The master and the student
Works by Beethoven and Czerny
Tommi Hyytinen, natural horn
Asko Heiskanen, clarinet
Jussi Seppänen, cello
Jerry Jantunen, fortepiano
ATTENTION! The concert in the German Church begins at 4 pm.
Ludwig van Beethoven composed his sonata for french horn, op. 17, for Giovanni Punto and together they concerted at the Burgtheater in Vienna on the 18th of April, 1800. Beethoven postponed his composing to the very last minute and wrote the music for the french horn just one day before the concert. The piano part Beethoven improvised during the concert. Later on, Beethoven finalized the sonata and wrote a version for cello as the solo instrument as well. The sonata for french horn, as well as op.11, the trio for clarinet, cello and piano, were both pioneers for this style. The trio Beethoven composed for the clarinetist Joseph Bähr, who also suggested the trio from the opera L’amor marinara by Joseph Weigl as the theme of the final. The composition by Weigl was a hit at that time (Gassenhauer), and the Beethoven trio got its nickname from that.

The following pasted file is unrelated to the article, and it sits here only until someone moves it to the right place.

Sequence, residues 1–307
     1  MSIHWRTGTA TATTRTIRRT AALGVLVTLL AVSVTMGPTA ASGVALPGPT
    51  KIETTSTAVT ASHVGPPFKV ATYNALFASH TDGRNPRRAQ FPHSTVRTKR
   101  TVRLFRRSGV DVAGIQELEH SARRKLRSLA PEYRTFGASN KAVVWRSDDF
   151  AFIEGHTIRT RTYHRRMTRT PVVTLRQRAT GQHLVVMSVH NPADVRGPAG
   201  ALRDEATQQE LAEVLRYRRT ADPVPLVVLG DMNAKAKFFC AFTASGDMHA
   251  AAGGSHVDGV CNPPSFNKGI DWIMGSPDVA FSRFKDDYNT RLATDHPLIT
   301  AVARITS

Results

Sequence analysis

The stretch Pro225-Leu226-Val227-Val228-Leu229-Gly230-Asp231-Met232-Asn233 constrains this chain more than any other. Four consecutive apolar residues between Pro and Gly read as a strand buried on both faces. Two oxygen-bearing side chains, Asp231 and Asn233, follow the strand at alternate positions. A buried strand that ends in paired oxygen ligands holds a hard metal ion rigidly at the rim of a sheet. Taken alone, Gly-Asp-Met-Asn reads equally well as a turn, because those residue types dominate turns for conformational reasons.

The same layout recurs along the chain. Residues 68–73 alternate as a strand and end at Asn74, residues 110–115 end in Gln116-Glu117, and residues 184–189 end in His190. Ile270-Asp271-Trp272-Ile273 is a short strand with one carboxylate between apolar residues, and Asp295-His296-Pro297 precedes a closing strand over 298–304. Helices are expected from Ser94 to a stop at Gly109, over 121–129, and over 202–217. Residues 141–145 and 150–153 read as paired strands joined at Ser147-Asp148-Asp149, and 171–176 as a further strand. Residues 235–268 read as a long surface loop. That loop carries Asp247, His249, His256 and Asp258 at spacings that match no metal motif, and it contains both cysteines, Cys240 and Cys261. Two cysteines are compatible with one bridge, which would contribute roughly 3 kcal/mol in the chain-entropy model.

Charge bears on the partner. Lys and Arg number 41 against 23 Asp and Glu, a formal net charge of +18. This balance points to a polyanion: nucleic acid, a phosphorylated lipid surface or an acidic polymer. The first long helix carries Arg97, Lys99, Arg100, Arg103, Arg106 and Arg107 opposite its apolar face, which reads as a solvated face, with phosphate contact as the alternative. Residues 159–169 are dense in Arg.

Out of Beethoven’s students, the biggest mark in music history was made by Carl Czerny. Czerny’s production consists of 861 opus pieces and even more non-opus pieces. Those he composed while practicing playing the piano, which he did 12 hours a day. Czerny became one of our history’s most markable piano teachers, and his students were Franz Liszt and Sigismond Thalberg, to name a few. Also Antonie Oster belonged to Czerny's most talented piano students, but her career came to an end when she died at the age of only sixteen. But at the age of fourteen, together with three famous orchestral musicians, Oster premiered with Czerny’s piece Grande Sérénade concertante op. 126. Grande Sérénade belongs to Czerny’s most brilliant compositions which begins in adagio and finishes with an eventful final.
More information about the instruments:
Natural horn: A copy of Antoine Courtois’ interment from approx. 1813–1838, made by Daniel Kunst
Clarinet: A copy of August Grenser’s instrument from 1790, by Peter van der Poel in 2001
Cello: anonymous, from the 18th century
Fortepiano: A copy of Conrad Graf’s instrument from the 1820s, by R.J. Regier
The concert is organized in collaboration with the piano music department of the Sibelius Academy.
Duration: 1 h (no intermission)